A botnet is a collection of internet-connected devices that have fallen under the control of cyber criminals to be used for their own malicious purposes. By using malware to infect a large number of vulnerable personal computers (PCs), servers, mobile devices, and internet of things (IoT) devices, “bot herders” can tap into vast amounts of aggregate computing power and functionality to launch an automated distributed denial of service attack (DDoS attack), perform data exfiltration, engage in engage in click fraud, and send spam emails, among other illicit schemes. In recent years, botnets have also played a growing role in cryptomining, as cyber criminals harness their resources for the massive processing power needed to coin cryptocurrency.
While botnets generally remain invisible to the users of infected devices, using only a fraction of the available resources, the impact of their activities can be devastating, as when a volumetric DDoS attack or protocol DDoS attack disrupts network services or knocks an entire network offline. Commonly offered for rent by cyber criminal organizations, botnets-for-hire have become a popular tool for hackers of all kinds, from disgruntled gamers seeking to undermine an opponent or disrupt a competition to university students hoping to delay an exam.
To create a botnet, a hacker uses malware such as Mirai to seek out devices with vulnerable endpoints. Any type of device will do—a smartphone or laptop, a smart home system, a network-attached storage device, a smart TV, anything that has an internet connection and weak security. As devices are recruited into this growing zombie army, they can be controlled by the bot herder using command and control (C&C) software over standards-based communication channels such as IRC and HTTP or peer-to-peer (P2P) connections. Once the botnet has reached critical mass, the bot herder can then operationalize its power to launch automated DDoS attacks, spam or click fraud campaigns, cryptomining operations, or data theft exploits.
Offering a massive, distributed base of internet-connected devices, a botnet is ideally suited for launching a distributed denial of service attack. In fact, DDoS attacks virtually always leverage a DDoS botnet. By sending a high volume of bogus traffic from each zombie device, the botnet can quickly overload the target network. As the web server struggles to handle the surge of requests, its processor cycles, network interfaces, and memory used for communications processing become exhausted, causing connections from normal traffic to be slowed down or even excluded.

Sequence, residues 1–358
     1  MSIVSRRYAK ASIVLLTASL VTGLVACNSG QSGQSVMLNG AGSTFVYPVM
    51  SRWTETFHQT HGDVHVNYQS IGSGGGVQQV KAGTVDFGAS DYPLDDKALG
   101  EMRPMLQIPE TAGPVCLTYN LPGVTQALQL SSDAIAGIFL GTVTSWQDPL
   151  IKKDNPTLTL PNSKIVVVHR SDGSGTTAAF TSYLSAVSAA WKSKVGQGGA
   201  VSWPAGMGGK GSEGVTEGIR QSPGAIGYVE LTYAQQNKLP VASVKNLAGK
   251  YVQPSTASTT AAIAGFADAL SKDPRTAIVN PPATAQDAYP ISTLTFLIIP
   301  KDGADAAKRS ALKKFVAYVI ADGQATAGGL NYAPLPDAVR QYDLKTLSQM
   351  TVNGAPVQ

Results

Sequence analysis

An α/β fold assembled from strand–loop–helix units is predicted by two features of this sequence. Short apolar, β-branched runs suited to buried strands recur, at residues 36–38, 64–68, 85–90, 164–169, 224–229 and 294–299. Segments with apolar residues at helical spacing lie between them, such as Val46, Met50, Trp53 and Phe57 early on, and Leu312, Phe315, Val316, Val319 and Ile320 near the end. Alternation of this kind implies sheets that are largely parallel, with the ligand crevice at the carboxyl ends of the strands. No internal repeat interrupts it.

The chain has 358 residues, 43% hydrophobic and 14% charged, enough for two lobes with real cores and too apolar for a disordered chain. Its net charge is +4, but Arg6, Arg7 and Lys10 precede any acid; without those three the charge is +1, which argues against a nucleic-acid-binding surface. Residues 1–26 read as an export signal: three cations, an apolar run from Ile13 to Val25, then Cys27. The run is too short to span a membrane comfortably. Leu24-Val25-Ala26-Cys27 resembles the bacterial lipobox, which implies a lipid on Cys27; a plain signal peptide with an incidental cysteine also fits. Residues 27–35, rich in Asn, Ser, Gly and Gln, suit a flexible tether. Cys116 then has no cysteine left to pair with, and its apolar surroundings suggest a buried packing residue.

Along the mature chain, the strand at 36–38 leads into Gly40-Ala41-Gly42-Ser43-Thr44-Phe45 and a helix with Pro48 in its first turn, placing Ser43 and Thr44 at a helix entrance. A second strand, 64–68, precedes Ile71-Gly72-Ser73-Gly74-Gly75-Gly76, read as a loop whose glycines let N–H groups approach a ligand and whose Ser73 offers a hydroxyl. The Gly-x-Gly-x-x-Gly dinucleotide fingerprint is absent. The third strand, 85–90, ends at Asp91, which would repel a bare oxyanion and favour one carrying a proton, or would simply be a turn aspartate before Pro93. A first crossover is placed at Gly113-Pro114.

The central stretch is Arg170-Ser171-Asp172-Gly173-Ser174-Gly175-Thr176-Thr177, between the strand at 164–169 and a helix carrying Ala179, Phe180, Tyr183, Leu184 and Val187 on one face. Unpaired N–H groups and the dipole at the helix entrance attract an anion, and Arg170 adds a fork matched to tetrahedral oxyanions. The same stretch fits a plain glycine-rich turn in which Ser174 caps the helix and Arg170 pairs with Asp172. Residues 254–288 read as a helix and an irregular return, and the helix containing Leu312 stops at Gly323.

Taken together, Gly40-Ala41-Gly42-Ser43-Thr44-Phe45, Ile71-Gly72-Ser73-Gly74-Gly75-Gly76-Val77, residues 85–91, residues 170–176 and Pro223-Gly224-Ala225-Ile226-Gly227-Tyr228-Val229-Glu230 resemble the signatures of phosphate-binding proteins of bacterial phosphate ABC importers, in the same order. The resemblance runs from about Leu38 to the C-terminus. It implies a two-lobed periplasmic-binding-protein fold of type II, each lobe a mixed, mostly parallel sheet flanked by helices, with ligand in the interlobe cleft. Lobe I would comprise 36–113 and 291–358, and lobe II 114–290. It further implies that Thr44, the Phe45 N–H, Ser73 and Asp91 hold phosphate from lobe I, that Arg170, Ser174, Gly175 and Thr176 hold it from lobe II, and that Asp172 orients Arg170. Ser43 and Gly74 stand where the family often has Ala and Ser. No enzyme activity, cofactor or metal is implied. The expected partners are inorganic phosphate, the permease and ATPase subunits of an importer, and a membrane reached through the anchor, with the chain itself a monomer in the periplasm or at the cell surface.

In a volumetric DDoS attack, the DDoS botnet uses brute-force techniques to flood the target with data packets to consume bandwidth and resources. Increasingly, hackers seek to multiply the impact of a volumetric DDoS attack by leveraging the amplification factors of common protocols and services used across the internet. With this reflected amplification approach, the attacker sends multiple requests to these services spoofing the victim’s IP address, tricking servers into replying with large amplified responses. This tactic has resulted in record-breaking volumetric attacks, including a November 2021 DDoS attack on Microsoft that reached a throughput of 3.47 terabits per second. Volumetric DDoS attacks are often used as cover for other types of exploits, disabling the victim’s security infrastructure to make monitoring difficult or impossible.
A protocol DDoS attack relies on the weaknesses and complexity of internet communications protocols to compromise the target network. For example, Border Gateway Protocol (BGP) is used by network operators to announce to other networks how their address space in configured. By sending a fraudulent BGP update, a hacker can reroute network traffic to overwhelm and deplete targeted resources such as routers and firewalls. In 2018, hackers used BGP hijacking in conjunction with a DDoS botnet to redirect traffic intended for the MyEtherWallet, a service that managed Ethereum cryptocurrency accounts, to Russian servers to facilitate theft from cryptocurrency wallets.